In this job you get to meet a lot of remarkable people, none more so than the patients who volunteer to take part in what are giant experiments. They are courageous pioneers, willing to be among the first people to ever try a new therapy, knowing that it may not help them and, potentially, might even harm them.
Tom Howing was one such person. I got to know Tom when we were putting together our 2017 Annual Report. Back in 2015 Tom was diagnosed with Stage 4 cancer that had spread throughout his body. He underwent surgery and chemotherapy. That worked for a while, but then the cancer returned. So, Tom had more surgery and chemotherapy. Again, it worked for a while but when the cancer returned again Tom was running out of options.
That’s when he learned about a clinical trial with a company called Forty Seven Inc. that was testing a new anti-cancer therapy that CIRM was supporting. Tom says he didn’t hesitate.
“When I was diagnosed with cancer I knew I had battle ahead of me. After the cancer came back again they recommended I try this CD47 clinical trial. I said absolutely, let’s give it a spin. I guess one is always a bit concerned whenever you put the adjective “experimental” in front of anything. But I’ve always been a very optimistic and positive person and have great trust and faith in my caregivers.”
Optimistic and positive are great ways to describe Tom. Happily, his optimism was rewarded. The therapy worked.
“Scans and blood tests came back showing that the cancer appears to be held in check. My energy level is fantastic. The treatment that I had is so much less aggressive than chemo, my quality of life is just outstanding.”
But after a year or so Tom had to drop out of the trial. He tried other therapies and they kept the cancer at bay. For a while. But it kept coming back. And eventually Tom ran out of options. And last week, he ran out of time.
Tom was a truly fine man. He was kind, caring, funny, gracious and always grateful for what he had. He talked often about his family and how the stem cell therapy helped him spend not just more time with them, but quality time.
He knew when he signed up for the therapy that there were no guarantees, but he wanted to try, saying that even if it didn’t help him that the researchers might learn something to help others down the line.
“The most important thing I would say is, I want people to know there is always hope and to stay positive.”
Tom ultimately lost his battle with cancer. But he never lost his spirit, his delight in his family and his desire to keep going as long as he could. In typical Tom fashion he preferred to put his concerns aside and cheer others along.
“To all those people who are putting in all the hours at the bench and microscope, it’s important for them to know that they are making a huge impact on the lives of real people and they should celebrate it and revel in it and take great pride in it.”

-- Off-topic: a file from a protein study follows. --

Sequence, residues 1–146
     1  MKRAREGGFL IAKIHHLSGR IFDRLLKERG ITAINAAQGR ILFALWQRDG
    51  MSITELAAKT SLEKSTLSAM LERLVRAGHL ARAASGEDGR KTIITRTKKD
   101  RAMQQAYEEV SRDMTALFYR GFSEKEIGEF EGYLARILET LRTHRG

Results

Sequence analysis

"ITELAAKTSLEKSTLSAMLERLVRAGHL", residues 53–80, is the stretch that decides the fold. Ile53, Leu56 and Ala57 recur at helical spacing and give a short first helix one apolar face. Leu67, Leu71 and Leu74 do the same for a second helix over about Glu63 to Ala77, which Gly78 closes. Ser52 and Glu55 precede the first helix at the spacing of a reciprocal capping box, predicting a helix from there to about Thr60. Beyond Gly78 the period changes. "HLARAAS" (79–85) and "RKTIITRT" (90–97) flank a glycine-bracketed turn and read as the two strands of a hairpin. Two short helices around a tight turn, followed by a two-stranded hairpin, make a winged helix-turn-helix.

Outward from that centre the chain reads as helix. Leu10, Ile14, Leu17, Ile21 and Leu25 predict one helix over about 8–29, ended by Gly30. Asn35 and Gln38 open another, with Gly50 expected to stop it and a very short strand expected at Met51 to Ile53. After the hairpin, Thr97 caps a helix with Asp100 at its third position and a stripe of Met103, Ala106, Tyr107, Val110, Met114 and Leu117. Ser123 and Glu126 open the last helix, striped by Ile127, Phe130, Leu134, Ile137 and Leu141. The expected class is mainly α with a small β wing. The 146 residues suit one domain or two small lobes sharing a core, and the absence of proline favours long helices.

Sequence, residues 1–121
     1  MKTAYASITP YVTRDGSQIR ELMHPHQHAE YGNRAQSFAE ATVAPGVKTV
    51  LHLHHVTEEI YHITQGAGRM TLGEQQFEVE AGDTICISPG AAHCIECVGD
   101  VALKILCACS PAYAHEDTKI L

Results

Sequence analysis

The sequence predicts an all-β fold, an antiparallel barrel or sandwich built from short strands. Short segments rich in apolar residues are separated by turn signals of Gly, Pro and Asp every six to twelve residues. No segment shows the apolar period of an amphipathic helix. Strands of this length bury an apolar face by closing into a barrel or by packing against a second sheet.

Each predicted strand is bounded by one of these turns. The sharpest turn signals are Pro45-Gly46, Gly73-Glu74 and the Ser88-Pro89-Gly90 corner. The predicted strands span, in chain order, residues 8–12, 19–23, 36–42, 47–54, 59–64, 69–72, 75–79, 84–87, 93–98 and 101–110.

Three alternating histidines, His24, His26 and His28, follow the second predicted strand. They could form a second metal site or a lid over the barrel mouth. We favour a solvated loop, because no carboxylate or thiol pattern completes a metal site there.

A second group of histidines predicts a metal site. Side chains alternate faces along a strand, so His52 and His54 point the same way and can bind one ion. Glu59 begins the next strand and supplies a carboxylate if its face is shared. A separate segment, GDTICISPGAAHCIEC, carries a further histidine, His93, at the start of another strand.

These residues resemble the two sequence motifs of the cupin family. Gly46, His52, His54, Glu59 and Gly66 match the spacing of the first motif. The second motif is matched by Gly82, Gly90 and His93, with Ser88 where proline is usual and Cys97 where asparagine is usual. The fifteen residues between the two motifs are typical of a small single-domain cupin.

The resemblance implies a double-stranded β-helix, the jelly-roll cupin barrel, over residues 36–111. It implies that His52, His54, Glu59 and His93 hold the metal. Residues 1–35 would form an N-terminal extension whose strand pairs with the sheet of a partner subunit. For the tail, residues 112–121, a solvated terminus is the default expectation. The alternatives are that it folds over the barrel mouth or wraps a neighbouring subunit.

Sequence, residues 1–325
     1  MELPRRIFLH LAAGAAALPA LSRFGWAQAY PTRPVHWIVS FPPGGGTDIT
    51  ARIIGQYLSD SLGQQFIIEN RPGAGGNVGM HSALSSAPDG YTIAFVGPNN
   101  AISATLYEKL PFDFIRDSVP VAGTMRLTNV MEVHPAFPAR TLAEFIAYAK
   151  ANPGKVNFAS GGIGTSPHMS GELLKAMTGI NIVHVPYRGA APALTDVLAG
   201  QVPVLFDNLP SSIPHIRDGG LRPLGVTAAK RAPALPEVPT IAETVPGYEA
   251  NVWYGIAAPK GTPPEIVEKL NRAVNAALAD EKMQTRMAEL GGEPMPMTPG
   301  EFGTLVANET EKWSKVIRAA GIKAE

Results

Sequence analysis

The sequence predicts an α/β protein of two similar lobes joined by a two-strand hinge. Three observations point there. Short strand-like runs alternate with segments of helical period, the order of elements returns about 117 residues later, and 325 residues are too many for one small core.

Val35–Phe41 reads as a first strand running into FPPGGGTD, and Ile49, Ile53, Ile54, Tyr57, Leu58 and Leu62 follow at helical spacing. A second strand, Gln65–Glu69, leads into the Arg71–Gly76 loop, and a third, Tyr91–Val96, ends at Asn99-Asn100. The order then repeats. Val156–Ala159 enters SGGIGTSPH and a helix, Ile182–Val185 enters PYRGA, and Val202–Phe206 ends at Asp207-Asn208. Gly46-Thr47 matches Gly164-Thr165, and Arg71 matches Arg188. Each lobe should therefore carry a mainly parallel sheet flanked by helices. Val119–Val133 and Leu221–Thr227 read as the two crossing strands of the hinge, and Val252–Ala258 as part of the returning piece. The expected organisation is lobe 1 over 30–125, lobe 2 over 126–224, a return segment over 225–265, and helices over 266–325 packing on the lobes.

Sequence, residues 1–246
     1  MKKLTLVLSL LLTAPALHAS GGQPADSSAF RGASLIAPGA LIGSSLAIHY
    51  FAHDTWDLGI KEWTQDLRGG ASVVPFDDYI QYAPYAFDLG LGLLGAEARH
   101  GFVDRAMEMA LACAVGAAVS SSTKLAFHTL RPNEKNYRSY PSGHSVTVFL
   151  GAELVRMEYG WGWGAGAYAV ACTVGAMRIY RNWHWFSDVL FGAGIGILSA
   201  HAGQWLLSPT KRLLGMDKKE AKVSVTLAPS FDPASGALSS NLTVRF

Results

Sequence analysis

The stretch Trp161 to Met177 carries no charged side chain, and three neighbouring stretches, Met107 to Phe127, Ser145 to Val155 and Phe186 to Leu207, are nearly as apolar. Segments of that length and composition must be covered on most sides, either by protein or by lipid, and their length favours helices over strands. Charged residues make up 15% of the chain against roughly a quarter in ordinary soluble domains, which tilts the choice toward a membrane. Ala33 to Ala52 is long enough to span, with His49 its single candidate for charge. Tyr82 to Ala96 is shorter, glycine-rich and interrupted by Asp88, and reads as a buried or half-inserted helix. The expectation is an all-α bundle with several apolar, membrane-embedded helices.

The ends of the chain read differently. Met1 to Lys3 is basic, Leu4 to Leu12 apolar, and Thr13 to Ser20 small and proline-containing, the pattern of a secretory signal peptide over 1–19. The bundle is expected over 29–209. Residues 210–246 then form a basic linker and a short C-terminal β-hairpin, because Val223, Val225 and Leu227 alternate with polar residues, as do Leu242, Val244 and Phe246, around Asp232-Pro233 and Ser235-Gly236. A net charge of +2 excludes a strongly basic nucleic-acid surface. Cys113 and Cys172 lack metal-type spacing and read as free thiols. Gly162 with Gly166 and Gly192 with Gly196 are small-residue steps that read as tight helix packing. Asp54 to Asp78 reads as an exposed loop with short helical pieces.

We consider ourselves fortunate to have known Tom and to have been with him on part of his journey. He touched our lives, as he touched the lives of so many others. Our thoughts and wishes go out to his family and friends. He will be remembered, because we never forget our friends.
A few years ago Tom came and talked to the CIRM Board. Here is the video of that event.
In 2005, the New Oxford American Dictionary named “podcast” its word of the year. At the time a podcast was something many had heard of but not that many actually tuned in to. My how times have changed. Now there are some two million podcasts to chose from, at least according to the New York Times, and who am I to question them.
Yesterday, in the same New York Times, TV writer Margaret Lyons, wrote about how the pandemic helped turn her from TV to podcasts: “Much in the way I grew to prefer an old-fashioned phone call to a video chat, podcasts, not television, became my go-to medium in quarantine. With their shorter lead times and intimate production values, they felt more immediate and more relevant than ever before.”
I mention this because an old colleague of ours at CIRM, Neil Littman, has just launched his own podcast and the first guest on it was Jonathan Thomas, Chair of the CIRM Board. Their conversation ranged from CIRM’s past to the future of the regenerative field as a whole, with a few interesting diversions along the way. It’s fun listening. And as Margaret Lyons said it might be more immediate and more relevant than ever before.
When you have a great story to tell there’s no shame in repeating it as often as you can. After all, not everyone gets to hear first time around. Or second or third time. So that’s why we wanted to give you another opportunity to tune into some of the great presentations and discussions at our recent CIRM Alpha Stem Cell Clinic Network Symposium.
It was a day of fascinating science, heart-warming, and heart-breaking, stories. A day to celebrate the progress being made and to discuss the challenges that still lie ahead.
There is a wide selection of topics from “Driving Towards a Cure” – which looks at some pioneering work being done in research targeting type 1 diabetes and HIV/AIDS – to Cancer Clinical Trials, that looks at therapies for multiple myeloma, brain cancer and leukemia.
The COVID-19 pandemic also proved the background for two detailed discussions on our funding for projects targeting the coronavirus, and for how the lessons learned from the pandemic can help us be more responsive to the needs of underserved communities.
Here’s the agenda for the day and with each topic there’s a link to the video of the presentation and conversation.